As I have in dance, many  of us specialize in one particular art medium as we utilize intermodal arts. And many of us have also specialized in the study of psychology, and quite often one particular school of psychology. Specializing involves immersion and mastery in one’s art and practice. That can bring depth and breadth to our understanding and to the structures we create in utilizing the arts, Developing my knowledge in both psychology and art, and immersing in the practices of both, allowed me to re-submerge in the waters between the two.

As I deconstructed the image of bridge and flowing, and as we gather here in the east meets west dance, I go to a poetic Taoist writing: There I find the word for  flow, “xing”,  a very ancient word derived from an aerial view of intersecting crossroads. The image of intersecting pathways like the nervous system in the body replaces the image of a bridge between two different realms. There are crossways, pathways and byroads between psychology and art that have been traveled by people in many cultures throughout time. We might say that we are rediscovering what indigenous people and ancient cultures  have always known—that art and life are inseparable, and that our art is most profound when it is in service to a restorative experience of living.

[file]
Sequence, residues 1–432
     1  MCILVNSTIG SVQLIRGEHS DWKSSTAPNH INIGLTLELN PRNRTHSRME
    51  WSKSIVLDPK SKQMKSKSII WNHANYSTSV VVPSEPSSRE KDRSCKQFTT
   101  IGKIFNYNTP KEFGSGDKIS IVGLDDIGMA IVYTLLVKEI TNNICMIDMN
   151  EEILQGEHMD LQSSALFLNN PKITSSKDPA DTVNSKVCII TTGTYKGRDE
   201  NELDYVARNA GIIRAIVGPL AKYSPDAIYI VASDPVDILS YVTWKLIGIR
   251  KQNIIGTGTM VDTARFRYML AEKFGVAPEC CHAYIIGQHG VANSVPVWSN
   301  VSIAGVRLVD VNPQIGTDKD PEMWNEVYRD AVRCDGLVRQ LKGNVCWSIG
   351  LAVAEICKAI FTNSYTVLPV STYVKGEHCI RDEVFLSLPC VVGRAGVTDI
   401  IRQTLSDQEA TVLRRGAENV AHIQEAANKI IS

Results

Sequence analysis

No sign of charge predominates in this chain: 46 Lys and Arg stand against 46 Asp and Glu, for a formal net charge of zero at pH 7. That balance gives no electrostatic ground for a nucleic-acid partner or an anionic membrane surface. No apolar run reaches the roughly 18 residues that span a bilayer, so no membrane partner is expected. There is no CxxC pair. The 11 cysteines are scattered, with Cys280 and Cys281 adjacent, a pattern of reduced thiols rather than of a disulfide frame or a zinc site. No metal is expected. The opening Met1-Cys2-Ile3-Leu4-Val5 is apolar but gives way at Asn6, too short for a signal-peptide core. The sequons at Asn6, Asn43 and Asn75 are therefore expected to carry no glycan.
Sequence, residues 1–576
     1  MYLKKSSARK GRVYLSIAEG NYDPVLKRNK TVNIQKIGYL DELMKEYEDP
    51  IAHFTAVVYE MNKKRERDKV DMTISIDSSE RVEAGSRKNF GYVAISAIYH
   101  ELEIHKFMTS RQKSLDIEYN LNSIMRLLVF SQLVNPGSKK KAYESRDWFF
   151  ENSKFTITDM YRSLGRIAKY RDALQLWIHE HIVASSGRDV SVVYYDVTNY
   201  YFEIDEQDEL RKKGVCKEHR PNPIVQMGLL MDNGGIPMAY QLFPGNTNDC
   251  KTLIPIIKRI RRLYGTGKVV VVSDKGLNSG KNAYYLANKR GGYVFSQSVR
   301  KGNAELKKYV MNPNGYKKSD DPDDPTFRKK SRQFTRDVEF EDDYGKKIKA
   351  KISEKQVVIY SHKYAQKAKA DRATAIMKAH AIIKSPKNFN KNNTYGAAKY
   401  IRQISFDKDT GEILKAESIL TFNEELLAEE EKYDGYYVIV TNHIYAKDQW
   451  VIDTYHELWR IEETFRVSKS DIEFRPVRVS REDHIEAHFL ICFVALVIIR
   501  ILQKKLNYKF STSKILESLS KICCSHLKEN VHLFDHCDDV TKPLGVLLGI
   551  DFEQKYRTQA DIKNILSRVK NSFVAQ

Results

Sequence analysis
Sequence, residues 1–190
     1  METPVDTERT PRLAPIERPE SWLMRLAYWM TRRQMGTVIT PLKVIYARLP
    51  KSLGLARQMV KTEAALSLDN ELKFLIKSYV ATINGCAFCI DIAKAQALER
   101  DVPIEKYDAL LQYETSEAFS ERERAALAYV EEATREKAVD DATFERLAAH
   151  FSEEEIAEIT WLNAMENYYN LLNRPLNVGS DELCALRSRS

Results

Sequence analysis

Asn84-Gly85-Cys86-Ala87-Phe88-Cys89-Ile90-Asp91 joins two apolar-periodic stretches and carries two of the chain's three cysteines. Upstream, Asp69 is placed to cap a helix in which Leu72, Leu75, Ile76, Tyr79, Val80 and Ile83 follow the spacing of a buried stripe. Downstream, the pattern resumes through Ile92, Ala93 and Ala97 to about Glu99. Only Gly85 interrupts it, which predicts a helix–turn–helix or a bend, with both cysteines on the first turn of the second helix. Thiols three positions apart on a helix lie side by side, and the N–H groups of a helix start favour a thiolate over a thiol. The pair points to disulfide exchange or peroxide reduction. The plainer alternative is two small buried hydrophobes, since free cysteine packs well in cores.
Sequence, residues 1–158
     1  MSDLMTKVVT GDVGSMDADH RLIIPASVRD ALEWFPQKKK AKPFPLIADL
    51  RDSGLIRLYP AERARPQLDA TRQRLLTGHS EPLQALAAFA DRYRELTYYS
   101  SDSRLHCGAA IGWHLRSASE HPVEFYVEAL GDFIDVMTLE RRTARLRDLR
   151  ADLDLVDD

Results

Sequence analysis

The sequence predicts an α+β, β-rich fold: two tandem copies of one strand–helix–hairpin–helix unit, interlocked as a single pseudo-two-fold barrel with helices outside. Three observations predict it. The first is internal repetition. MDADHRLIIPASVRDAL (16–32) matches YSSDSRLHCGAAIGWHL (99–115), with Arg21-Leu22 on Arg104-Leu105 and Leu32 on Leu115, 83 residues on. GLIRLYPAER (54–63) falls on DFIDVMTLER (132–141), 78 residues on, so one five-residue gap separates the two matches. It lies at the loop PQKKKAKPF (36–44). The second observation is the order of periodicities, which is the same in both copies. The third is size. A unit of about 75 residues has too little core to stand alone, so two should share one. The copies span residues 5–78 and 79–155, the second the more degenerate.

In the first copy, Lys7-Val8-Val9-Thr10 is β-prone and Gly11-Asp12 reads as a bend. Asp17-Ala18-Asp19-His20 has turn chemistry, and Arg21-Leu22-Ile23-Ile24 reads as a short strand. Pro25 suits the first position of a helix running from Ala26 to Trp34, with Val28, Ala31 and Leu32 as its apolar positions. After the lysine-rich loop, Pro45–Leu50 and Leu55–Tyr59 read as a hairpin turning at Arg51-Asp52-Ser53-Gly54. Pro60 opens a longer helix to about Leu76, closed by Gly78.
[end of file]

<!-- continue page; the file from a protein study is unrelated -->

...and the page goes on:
I now find intersecting pathways everywhere in our work—in healing, psychologizing, creativity, learning and transformation. As practitioners we can channel our work down one path or the other, with the knowledge that each pathway has a powerful influence on every other. At times, the flow of the work demands pushing, yelling, and clearing out. At other times, we need to cry, let go, laugh, whisper, sing a lullaby, celebrate. We tell old stories to create new mythologies to live by.

With this new image of dynamic flow along intersecting pathways, I imagine the expressive arts like the nervous system of the body, carrying impulses and messages to be felt, listened to and danced. I think about how the individual body, family body, group, community, world body and environment are all interconnected. One body. I imagine a philosophy and theory that ensures an effective transportation system, one that has structure and that also includes free passage across boundaries and borders. And I think of Expressive arts therapy as a dynamic paradigm for enhanced creativity, connectivity , and transformation.

Our approach to art making in its relational capacity becomes a way of being in the world. Expressive Arts Therapy extends its reach from the studio and therapy office, not only to the wounding and healing of the individual, but also to the community and world. Human relations within a particular or global social context are the material for creating a participatory art that can transform culture. Art and performance are made accessible to all as a means to express our social challenges.